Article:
There is a radical and revolutionary element to the Christian faith that most of us never really embrace. So many followers make Christianity a part of their lives without ever letting it transform their lives. Yet, Christ calls us to a complete and total renovation of the heart and lifestyle.
 
I plead with you to give your bodies to God,” Paul tells us. “Let them be a living and holy sacrifice—the kind he will accept. When you think of what he has done for you, is this too much to ask?” (Romans 12:1). Jesus went to the cross on our behalf; the least we can do for Him is to obey his teachings and to live a life that is worthy of his name. That’s the message that Paul was pleading on behalf of our Savior. He was asking us to lay aside our own agendas and to put all our energies into pleasing God and allowing him to guide us.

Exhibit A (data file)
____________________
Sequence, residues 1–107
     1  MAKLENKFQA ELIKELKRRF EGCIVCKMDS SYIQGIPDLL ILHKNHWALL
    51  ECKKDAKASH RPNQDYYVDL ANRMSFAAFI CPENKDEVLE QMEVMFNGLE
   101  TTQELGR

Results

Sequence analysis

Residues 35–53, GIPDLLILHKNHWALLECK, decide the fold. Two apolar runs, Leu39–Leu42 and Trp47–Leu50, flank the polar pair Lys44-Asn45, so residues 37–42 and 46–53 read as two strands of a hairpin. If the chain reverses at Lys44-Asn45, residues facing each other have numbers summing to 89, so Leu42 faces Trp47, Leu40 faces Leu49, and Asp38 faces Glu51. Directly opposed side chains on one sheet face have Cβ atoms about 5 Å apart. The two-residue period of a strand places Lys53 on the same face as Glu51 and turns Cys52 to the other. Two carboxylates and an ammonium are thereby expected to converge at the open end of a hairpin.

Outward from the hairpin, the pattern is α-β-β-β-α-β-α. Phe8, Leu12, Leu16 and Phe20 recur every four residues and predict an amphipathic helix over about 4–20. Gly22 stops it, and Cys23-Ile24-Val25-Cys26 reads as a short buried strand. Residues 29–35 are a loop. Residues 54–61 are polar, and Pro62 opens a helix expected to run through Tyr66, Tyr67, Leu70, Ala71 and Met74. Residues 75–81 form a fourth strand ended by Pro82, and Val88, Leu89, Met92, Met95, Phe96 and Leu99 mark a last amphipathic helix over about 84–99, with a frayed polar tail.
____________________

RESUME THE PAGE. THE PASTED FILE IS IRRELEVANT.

“Don’t copy the behavior and customs of this world,” Paul continues, “but let God transform you into a new person by changing the way you think. Then you will know what God wants you to do” (Romans 12:2). True discipleship takes sacrifice and commitment beyond which most followers are willing to give. Not every believer will strive to reach this level of service to the Master. But those who do will feel his strength and power beyond all human comprehension. Commit today to becoming a living sacrifice for Jesus.
 
Reflection Would Jesus consider you a disciple in the truest sense of the word? What do you need to do in order to allow him to transform your heart and mind?
 
Weekly Prayer